Production of most eukaryotic mRNAs requires splicing of introns from pre-mRNA. The splicing reaction requires definition of splice sites, which are initially recognized in either intron-spanning ('intron definition') or exon-spanning ('exon definition') pairs. To understand how exon and intron length and splice site recognition mode impact splicing, we measured splicing rates genome-wide in Drosophila, using metabolic labeling/RNA sequencing and new mathematical models to estimate rates. We found that the modal intron length range of 60-70 nt represents a local maximum of splicing rates, but that much longer exon-defined introns are spliced even faster and more accurately. Surprisingly, we observed low variation in splicing rates across introns in the same gene, suggesting the presence of gene-level influences, and we identified multiple gene level variables associated with splicing rate. Together our data suggest that developmental and stress response genes may have preferentially evolved exon definition in order to enhance rates of splicing.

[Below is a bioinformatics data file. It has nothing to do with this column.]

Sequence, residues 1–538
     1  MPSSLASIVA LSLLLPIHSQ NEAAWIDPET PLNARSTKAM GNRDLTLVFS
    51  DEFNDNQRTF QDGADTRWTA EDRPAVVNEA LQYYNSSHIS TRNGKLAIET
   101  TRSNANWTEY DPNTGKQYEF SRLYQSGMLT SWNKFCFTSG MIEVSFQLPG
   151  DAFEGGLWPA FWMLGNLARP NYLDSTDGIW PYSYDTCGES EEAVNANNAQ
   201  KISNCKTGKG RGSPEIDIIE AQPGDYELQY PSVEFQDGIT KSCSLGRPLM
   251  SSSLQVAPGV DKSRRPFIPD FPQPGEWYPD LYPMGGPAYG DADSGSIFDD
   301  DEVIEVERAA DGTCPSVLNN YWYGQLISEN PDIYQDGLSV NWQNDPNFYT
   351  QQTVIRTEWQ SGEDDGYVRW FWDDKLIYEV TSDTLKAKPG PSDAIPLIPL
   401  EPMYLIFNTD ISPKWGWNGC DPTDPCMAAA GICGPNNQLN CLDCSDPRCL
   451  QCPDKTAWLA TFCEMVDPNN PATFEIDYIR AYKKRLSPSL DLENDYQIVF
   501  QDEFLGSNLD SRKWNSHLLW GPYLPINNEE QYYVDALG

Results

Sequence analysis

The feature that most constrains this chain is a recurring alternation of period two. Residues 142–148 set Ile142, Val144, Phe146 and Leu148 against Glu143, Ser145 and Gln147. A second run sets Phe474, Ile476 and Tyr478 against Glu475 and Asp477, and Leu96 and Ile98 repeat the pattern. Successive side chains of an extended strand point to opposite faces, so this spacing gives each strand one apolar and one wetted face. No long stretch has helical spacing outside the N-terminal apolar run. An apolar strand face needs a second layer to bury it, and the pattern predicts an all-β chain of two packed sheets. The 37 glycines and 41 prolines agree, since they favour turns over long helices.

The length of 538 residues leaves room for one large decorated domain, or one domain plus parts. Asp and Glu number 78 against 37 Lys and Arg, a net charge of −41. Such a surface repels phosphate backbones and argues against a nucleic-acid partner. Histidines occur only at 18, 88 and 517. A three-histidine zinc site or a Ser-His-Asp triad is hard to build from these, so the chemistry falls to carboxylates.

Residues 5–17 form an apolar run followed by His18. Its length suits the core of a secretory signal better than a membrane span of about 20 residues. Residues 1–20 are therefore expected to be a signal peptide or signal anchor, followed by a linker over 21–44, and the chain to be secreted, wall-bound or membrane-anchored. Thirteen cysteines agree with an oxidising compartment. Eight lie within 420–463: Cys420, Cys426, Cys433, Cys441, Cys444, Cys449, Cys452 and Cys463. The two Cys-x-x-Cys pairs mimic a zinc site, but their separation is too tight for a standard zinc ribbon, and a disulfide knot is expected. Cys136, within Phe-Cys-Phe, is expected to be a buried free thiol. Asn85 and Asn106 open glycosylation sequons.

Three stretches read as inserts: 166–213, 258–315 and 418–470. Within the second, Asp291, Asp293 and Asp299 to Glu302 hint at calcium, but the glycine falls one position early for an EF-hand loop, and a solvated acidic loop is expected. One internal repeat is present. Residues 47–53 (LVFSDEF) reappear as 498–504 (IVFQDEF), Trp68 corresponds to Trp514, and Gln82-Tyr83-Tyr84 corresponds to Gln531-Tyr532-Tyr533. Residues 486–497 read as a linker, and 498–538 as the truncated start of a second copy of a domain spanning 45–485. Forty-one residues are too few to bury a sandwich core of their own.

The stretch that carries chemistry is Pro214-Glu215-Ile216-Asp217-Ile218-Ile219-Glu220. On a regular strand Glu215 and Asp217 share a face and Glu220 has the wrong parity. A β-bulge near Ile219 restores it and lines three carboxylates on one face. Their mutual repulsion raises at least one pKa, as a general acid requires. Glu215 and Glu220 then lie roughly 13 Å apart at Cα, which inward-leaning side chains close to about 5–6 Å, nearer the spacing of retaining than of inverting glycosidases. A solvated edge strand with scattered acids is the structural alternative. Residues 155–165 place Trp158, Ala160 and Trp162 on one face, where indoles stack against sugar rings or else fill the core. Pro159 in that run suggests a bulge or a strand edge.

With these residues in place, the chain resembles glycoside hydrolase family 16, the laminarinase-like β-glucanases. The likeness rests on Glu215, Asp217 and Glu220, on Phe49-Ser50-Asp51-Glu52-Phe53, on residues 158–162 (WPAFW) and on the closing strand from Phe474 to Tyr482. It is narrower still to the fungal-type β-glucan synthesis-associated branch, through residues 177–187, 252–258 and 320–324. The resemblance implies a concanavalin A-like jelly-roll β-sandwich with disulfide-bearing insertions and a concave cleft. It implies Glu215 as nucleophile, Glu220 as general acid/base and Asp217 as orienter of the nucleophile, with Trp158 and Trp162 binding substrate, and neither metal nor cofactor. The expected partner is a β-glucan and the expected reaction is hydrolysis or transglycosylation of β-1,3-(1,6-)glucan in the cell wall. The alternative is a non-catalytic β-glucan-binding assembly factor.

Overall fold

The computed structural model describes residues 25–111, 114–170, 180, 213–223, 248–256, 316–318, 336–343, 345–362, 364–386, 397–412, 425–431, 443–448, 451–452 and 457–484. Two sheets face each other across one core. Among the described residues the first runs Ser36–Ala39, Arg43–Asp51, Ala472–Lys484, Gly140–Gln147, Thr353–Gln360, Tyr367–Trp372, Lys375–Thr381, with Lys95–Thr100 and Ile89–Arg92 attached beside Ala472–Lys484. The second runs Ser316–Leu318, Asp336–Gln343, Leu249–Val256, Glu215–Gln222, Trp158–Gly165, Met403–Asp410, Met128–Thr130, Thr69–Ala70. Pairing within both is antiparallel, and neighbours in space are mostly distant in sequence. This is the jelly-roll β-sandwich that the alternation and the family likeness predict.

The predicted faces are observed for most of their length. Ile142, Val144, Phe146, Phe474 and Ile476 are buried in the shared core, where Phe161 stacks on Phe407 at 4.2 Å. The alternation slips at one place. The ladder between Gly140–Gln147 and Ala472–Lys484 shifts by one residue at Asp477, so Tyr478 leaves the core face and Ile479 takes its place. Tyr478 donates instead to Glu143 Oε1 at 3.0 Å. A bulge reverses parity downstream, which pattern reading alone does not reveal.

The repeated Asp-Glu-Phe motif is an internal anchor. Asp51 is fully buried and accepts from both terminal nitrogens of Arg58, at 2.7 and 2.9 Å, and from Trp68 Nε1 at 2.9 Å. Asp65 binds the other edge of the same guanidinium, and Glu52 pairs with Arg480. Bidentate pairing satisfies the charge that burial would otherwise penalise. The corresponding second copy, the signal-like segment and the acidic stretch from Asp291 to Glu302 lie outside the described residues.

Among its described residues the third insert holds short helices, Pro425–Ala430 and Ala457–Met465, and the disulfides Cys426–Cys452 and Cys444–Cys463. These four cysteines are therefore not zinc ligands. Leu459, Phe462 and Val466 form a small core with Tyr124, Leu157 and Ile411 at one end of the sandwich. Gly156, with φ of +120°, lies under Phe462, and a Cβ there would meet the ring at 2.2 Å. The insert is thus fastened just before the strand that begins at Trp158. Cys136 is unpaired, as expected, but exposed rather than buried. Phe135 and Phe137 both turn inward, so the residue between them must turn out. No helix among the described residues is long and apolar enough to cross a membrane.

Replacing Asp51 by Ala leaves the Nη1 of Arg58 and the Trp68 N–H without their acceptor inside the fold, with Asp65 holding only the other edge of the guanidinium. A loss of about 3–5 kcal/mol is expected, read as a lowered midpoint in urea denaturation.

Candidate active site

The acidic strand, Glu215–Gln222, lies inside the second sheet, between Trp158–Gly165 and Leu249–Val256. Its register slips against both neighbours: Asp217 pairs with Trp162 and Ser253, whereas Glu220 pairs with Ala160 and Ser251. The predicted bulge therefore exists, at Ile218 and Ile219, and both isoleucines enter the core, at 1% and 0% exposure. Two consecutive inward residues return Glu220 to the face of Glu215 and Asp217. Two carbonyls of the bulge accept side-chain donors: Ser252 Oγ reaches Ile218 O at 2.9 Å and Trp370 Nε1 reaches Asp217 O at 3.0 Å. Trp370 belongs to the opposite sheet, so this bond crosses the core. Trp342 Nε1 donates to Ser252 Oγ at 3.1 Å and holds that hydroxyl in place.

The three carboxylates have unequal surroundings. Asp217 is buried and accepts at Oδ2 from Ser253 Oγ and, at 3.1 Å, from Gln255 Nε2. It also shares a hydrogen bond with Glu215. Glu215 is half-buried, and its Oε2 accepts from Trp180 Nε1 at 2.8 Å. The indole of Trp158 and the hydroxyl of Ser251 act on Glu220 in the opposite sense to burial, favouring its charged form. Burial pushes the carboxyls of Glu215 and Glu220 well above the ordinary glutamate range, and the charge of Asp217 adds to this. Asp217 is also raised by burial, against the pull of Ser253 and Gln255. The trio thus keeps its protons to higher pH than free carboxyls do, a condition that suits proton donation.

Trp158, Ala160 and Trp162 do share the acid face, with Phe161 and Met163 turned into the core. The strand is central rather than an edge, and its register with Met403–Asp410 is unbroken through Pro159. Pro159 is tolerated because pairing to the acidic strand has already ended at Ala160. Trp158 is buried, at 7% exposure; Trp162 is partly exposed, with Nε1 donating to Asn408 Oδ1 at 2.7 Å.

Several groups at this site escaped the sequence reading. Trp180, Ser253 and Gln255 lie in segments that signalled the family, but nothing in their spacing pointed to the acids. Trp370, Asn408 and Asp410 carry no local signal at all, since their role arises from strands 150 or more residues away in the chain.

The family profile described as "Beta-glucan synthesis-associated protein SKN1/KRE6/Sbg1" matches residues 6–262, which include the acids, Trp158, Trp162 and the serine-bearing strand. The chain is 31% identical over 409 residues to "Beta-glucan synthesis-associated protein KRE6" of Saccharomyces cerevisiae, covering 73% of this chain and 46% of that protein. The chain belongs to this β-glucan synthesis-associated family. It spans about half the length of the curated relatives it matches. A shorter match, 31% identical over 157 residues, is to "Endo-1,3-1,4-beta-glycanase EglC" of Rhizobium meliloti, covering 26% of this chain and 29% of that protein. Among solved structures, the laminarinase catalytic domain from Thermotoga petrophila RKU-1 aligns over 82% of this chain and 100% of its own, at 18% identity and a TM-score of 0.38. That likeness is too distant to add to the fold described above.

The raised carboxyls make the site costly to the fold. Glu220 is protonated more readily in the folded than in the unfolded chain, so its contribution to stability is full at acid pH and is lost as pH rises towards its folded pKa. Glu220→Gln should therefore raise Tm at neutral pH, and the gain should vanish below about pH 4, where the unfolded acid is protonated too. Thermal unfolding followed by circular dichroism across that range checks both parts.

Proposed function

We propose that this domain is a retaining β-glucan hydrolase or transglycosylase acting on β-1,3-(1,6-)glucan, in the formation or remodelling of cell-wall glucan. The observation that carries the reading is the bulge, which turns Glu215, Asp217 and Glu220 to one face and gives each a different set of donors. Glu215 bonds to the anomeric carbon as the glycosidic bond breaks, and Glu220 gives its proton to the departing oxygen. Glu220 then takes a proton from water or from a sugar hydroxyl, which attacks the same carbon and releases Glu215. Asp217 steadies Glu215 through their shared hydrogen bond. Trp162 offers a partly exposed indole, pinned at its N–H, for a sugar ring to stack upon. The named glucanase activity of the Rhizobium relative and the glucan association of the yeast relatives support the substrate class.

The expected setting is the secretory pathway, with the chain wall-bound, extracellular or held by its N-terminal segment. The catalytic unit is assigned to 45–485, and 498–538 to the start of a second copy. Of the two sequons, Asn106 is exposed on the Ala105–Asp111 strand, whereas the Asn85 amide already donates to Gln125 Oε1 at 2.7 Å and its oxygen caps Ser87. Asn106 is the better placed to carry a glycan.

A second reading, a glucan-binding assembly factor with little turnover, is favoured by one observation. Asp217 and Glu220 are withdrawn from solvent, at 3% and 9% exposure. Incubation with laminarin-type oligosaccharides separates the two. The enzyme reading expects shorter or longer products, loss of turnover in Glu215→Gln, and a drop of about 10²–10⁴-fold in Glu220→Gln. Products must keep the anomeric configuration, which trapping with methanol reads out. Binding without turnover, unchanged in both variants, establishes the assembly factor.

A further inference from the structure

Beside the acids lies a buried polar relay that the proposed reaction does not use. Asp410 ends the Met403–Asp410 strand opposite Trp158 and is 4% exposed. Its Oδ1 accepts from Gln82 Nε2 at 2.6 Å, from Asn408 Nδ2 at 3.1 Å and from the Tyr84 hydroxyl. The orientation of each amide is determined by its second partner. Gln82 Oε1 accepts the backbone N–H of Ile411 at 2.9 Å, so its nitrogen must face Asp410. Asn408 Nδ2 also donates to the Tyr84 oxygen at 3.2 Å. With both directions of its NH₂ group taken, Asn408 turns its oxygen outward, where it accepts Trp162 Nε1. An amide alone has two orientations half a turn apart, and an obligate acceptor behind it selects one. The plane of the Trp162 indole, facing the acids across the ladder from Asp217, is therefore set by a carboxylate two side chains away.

- Telmo Henriques
- Adam Burkholder
- Karen Adelman
- Athma A Pai
- Christopher B Burge
- Athma A Pai
- Kayla McCue
The funders had no role in study design, data collection and interpretation, or the decision to submit the work for publication.
- Timothy W Nilsen, Case Western Reserve University, United States
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